Nanotechnology in Medical Diagnostics
Nanotechnology based diagnostic techniques currently under development
may provide two major benefits:
- Rapid testing, potentially in a doctors office may allow
complete diagnosis and start of treatment within one visit to the
- The detection of diseases at an earlier stage than possible with current techniques
offers the potential of stopping a
disease earlier, possibly with less damage to the patient.
This page provides a survey of the nanotechnology based methods being
developed to improve medical diagnostics.
Nanotechnology based medical diagnosis techniques under development
Researchers at UC San Diego are developing a method to
collect and analyze
sized exosomes to check for biomarkers indicating
Researchers at Osaka University have combined
nanopore sensors with
artificial intelligence techniques and demonstrated that they can
identify single virus particles. This method may provide rapid, point of
use, identification of viruses.
A method for detecting cancer cells in the bloodstream is being
nanoparticles called NanoFlares. The
NanoFlares are designed bind to genetic targets in cancer cells, and
generate light when that particular genetic target is found.
Researchers at Nagoya University are developing a
nanowire based sensor
to detect indicators of bladder and prostate cancer in urine
Researchers are developing a nanoparticle intended to make very early detection
of cancer tumors easier. When the nanoparticles attach to a cancer tumors the
release "biomarkers", molecules called peptides. The idea is that since each
nanoparticle carries several peptides a high concentration of these
biomarkers will occur even at very early stages of cancer, allowing early
detection of the disease.
A method for early diagnosis of brain cancer under development uses magnetic
nanoparticles and nuclear magnetic resonance (NMR) technology. The
nanoparticles attach to particles in the blood stream called microvesicles
which originate in brain cancer cells. NMR is then used to detect these
microvesicle/magnetic nanoparticle clusters, allowing an early diagnosis.
Carbon nanotubes and gold nanoparticles are being used in a sensor that
indicative of oral cancer. Tests have shown this sensor to be accurate in
detecting oral cancer and provides results in less than an hour.
Researchers have developed a method to
cancer cells circulating in the blood stream. They use nanofibers
coated with antibodies that bind to cancer cells, trapping the cancer
cell for analysis.
Silver nanorods in a diagnostic system are being used to separate viruses,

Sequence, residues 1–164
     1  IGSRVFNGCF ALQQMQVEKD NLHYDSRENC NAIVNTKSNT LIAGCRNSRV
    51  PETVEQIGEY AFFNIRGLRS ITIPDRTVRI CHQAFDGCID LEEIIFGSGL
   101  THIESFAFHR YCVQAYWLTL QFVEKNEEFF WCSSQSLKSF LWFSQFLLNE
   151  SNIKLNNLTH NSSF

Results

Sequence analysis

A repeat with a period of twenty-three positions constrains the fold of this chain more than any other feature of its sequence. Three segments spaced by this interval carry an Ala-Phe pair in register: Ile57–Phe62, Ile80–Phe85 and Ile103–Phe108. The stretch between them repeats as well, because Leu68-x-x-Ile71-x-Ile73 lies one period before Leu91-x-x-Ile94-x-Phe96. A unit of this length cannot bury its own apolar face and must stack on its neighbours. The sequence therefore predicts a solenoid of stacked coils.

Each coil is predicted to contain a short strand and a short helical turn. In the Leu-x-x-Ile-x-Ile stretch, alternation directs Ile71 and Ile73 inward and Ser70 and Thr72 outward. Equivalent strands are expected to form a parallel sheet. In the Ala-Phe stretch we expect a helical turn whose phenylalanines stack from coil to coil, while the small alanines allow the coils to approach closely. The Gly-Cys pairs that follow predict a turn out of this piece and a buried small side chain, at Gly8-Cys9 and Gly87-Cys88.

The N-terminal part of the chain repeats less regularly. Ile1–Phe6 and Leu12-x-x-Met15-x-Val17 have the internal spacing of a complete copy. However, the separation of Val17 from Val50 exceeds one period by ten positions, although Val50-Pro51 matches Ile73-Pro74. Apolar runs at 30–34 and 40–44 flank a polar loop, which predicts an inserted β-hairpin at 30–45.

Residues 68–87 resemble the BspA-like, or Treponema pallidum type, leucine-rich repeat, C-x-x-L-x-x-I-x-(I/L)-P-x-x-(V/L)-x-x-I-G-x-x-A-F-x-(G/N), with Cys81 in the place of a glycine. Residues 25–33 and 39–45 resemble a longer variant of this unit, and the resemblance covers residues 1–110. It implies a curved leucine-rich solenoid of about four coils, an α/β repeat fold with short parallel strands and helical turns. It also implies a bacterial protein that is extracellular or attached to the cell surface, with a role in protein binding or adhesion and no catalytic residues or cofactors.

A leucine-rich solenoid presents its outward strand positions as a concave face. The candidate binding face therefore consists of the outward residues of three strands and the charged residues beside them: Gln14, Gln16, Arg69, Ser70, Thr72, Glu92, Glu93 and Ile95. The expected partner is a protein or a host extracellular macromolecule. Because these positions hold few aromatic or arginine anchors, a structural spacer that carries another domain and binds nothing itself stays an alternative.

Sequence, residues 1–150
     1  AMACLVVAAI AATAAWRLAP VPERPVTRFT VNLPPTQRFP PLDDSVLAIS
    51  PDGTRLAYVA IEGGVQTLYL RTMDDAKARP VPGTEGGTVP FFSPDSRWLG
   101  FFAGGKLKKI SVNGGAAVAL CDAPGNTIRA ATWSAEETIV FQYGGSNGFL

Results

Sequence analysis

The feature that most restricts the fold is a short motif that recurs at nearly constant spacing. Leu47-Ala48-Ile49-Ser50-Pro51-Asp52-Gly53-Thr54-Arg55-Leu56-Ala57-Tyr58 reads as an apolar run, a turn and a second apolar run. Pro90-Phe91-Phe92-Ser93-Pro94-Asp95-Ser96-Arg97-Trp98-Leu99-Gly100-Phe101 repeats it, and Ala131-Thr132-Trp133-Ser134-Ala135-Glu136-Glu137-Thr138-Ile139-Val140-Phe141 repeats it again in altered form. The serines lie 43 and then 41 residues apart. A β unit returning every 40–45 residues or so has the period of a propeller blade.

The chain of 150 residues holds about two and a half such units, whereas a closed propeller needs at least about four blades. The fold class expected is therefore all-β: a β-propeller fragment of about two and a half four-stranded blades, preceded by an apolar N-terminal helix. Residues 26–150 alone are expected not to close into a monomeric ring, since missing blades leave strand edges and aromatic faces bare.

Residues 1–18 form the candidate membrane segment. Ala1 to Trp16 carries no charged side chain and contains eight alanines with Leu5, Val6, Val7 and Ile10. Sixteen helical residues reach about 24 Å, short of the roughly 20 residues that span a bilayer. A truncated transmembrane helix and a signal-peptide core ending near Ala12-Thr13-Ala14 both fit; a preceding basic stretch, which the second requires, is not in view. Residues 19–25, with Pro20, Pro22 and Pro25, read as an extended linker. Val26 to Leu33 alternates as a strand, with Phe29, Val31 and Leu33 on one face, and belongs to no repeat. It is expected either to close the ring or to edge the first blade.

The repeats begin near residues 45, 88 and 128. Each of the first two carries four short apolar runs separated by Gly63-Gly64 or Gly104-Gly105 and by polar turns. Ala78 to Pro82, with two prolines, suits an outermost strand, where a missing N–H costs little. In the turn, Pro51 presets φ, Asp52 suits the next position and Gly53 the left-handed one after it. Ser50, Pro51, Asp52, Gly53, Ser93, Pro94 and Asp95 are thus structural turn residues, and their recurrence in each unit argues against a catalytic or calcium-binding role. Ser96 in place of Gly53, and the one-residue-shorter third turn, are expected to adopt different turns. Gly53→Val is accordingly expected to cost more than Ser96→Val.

bacteria and other microscopic components of blood samples, allowing clearer
Raman spectroscopy signals
of the components. This methods has been demonstrated to allow identification of
viruses and bacteria in less than an hour.
can attach to proteins or other molecules, allowing detection of
disease indicators in a lab sample at a very early stage. There are several
efforts to develop nanoparticle disease detection systems underway. One system being developed by Nanosphere, Inc. uses
clinical study results with their Verigene system involving it's ability to
detect four different nucleic acids, while another system being developed by
T2 Biosystems uses
to identify specimens, including proteins, nucleic acids, and other materials.
Gold nanoparticles that have antibodies attached
quick diagnosis of flu virus. When light is directed on a sample
containing virus particles and the nanoparticles the amount of light
reflected back increases because the nanoparticles cluster around virus
particles, allowing a much faster test than those currently used.
A method for early detection of a disease uses
that form clumps when they attach to proteins or other molecules
that indicate the disease being tested for. The test is intended to be
inexpensive and simple to perform. The solution turns blue if the nanoparticles are clumped around a protein indicating the disease, if the protein is not present the
solution is red.
Quantum Dots (qdots) may be used in the future for locating
in patients and in the near term for performing
diagnostic tests in samples.
website provides information about qdots that are available for both uses,
although at this time the use "in vivo" (in a living creature) is
limited to experiments with lab animals. Concerns about the toxicity of the
material that quantum dots are made from is one of the reasons restricting the
use of quantum dots in human patients. However, work is being done with quantum
dots composed of silicon,
which is believed to be less toxic than the cadmium contained in many quantum
Gold nanoparticles, in combination with fluorescent protein, is being
used in a system under development to
diagnosis which type
of cancer is present.
Researchers have determined that cancer cell in
the blood stream can be captured on
glass plates. Capturing these cancer cells will help researchers
understand how cancer spreads from tumors.
Iron oxide nanoparticles can used to improve MRI images of cancer tumors. The
nanoparticle is coated with a peptide that binds to a cancer tumor, once the
nanoparticles are attached to the tumor the magnetic property of the
iron oxide enhances the
images from the Magnetic Resonance Imagining scan.